In Ojo v Crystal Claire Cosmetics ( 20121 ONSC 1428) Diamond J. had a situation of a 52 year old Warehouse Manager with only 10 months service.
The Plaintiff had a termination clause in his employment contract which read as follows:
Crystal Claire maintains the right to terminate your employment at any time and without notice or payment in lieu of thereof, if you engage in conduct which constitutes just cause for summary dismissal.
In the absence of just cause, Crystal Claire may terminate your employment at any other time and for any reason upon providing you with either advance notice and/or applicable payments equivalent to the minimum applicable entitlements contained within the ESA, as amended. For greater certainty, Crystal Claire’s maximum liability to you for common law notice, termination pay, severance pay, or payment in lieu of notice shall be limited to the payment of the amounts specified in the ESA.”
The termination clause was held to be invalid for two reasons:
- The words ” conduct which constitutes just cause for summary dismissal ” was contrary to the ESA which has a higher standard of “guilty of wilful misconduct, disobedience or wilful neglectful duty that is not trivial and has not been condoned by the employer.” This is entirely consistent with the Ontario Court of Appeal’s decision in Waksdale v. Swegon North America Inc. 2020 ONCA 391 (CanLII), “
- The second argument is that because the clause did not refer to benefit continuation during the ESA termination pay period, it was illegal. Here is the defence argument was a little more nuanced.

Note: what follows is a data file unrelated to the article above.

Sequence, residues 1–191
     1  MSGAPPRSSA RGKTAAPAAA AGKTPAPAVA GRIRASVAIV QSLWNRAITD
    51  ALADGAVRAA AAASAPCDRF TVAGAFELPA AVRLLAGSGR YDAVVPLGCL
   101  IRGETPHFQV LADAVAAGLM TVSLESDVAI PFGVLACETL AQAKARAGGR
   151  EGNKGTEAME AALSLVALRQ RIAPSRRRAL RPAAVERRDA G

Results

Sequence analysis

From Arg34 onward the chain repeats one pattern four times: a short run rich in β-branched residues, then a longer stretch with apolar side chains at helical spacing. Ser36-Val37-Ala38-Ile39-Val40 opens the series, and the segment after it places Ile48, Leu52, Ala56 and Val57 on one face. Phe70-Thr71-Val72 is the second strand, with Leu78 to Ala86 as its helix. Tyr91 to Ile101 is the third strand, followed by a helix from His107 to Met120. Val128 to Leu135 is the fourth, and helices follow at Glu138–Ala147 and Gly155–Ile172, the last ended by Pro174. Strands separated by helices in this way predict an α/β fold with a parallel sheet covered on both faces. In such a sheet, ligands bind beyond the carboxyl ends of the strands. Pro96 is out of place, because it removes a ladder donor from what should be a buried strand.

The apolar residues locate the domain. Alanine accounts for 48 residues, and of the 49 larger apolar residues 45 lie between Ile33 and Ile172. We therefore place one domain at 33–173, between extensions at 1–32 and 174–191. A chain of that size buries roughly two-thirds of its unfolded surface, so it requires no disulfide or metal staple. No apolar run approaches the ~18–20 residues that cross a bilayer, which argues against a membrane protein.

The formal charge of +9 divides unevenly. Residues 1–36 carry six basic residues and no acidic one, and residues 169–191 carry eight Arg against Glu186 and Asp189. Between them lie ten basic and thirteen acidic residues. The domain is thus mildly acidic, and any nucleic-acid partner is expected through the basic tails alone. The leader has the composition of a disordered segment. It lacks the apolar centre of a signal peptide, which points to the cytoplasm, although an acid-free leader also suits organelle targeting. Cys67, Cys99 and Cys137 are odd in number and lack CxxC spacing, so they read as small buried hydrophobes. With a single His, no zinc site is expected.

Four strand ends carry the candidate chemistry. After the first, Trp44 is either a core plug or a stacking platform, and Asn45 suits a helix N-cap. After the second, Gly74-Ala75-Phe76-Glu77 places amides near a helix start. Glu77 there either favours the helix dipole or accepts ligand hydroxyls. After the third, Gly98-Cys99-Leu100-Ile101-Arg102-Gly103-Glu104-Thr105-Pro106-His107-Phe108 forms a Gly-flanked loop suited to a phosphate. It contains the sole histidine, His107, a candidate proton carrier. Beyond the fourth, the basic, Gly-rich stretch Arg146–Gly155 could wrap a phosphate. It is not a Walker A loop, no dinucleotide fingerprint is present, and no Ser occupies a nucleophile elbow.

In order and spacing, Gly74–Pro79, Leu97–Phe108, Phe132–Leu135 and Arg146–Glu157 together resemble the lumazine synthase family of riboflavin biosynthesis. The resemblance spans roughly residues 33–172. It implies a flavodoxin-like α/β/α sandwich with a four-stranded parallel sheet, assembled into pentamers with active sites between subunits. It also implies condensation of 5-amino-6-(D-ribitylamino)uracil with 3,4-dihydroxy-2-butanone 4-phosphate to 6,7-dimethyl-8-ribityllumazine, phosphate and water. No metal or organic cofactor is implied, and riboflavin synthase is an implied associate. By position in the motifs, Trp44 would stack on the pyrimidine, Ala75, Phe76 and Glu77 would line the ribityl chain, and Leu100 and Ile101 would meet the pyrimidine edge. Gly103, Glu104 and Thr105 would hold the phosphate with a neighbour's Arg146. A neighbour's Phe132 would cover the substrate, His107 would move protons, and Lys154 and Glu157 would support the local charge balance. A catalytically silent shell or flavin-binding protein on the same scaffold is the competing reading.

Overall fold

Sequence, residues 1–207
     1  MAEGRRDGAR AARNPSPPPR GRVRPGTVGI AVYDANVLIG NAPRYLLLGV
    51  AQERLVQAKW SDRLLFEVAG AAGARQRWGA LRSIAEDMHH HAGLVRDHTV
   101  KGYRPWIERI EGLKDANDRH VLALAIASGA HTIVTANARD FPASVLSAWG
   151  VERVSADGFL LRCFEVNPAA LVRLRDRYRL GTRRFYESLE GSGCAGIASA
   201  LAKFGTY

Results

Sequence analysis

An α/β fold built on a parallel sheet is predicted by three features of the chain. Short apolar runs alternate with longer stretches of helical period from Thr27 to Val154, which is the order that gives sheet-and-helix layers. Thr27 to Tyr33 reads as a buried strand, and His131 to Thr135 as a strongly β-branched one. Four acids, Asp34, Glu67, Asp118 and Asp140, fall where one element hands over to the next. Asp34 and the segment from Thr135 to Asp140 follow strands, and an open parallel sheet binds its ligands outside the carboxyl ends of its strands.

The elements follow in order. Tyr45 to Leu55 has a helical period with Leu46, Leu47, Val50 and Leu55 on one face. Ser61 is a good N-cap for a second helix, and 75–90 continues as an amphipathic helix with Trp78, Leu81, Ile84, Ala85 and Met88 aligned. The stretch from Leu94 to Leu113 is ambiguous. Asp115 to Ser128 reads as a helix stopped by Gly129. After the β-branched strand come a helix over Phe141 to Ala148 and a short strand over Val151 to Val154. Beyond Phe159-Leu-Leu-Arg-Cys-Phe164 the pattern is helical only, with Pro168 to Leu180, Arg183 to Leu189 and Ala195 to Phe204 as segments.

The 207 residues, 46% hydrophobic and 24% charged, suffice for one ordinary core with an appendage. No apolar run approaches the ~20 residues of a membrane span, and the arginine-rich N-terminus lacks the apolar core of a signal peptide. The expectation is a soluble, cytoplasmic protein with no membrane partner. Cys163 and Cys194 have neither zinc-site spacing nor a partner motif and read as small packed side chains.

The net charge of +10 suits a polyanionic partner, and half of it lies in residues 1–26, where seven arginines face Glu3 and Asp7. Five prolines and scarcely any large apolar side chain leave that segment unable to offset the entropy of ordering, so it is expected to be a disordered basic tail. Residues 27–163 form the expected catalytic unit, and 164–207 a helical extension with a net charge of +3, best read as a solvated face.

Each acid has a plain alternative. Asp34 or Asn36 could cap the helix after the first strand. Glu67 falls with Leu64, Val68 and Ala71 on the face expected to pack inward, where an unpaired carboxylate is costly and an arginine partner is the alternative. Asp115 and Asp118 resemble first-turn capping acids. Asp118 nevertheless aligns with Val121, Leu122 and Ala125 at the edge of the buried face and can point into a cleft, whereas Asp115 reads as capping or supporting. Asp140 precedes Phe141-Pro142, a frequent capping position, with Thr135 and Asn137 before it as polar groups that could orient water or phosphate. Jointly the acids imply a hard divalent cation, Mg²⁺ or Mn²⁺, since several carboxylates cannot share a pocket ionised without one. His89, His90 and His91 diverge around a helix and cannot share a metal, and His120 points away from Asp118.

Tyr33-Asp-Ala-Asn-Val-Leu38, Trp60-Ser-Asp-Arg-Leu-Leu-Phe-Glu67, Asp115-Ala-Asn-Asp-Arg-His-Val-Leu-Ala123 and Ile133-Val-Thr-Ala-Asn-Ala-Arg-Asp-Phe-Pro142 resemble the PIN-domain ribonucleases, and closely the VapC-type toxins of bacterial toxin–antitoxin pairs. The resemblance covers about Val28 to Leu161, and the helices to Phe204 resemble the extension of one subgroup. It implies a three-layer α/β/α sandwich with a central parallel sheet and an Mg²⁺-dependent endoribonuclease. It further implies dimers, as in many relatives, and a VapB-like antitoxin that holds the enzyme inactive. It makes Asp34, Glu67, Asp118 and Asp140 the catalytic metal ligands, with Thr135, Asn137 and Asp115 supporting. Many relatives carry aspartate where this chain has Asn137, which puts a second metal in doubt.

The defendant relies on the decision of Justice Monahan in Burton v. Aronovitch McCauley Rollo LLP 2018 ONSC 3018 (CanLII) in which the court was faced with the following termination clause:
“AMR may, at its sole discretion, terminate your employment without cause (a ‘Non-Cause Termination”’. In the event of a Non-Cause Termination, AMR shall provide you with severance pay in accordance with the Employment Standards Act, as amended, and any successor legislation, if so required as at the time of a Non-Cause Termination; and
Notwithstanding the foregoing, and for greater certainty, if the amounts which you would receive upon a Non-Cause Termination, as set out above, are less than the amounts to which you would be entitled under the Employment Standards Act, as amended or any successor legislation, then you shall be entitled to notice, severance pay, and any other payment required by the relevant legislation in force as at the time of the termination.”
 Justice Monahan held that the chosen wording (“any other payment required by the relevant legislation”) contemplated the continuation of benefits, and thus the termination clause before him complied with the Act.
However, this Judge did not see it the same way . In my view, the Burton decision is distinguishable. I agree with the plaintiff that the termination clause in this proceeding requires the defendant to pay the plaintiff his minimum termination pay, but not the obligation to continue paying the plaintiff the value of his benefits during the minimum notice period required by the Act. The termination clause, at best, allows the defendant to provide the plaintiff with payments equivalent to the minimum applicable entitlements under the Act.
My Comments :
In Ojo, the clause entitled the Plaintiff to receive “applicable payments equivalent to the minimum applicable entitlements contained within the ESA,”.
This was held not to include benefits :
In the Burton case, the Plaintiff was to receive “and any other payment required by the relevant legislation”.
This was held to include benefits .
Both cases used the same term ” payments or payment ” but apparently they mean different things to different judges.
Ain’t the law wonderful?
The Judge awarded 3 months notice. Not bad for a guy with only 10 months service.
As this case is not yet on the CanLII website, if you want a copy just send me an email at firstname.lastname@example.org and I will send you a copy .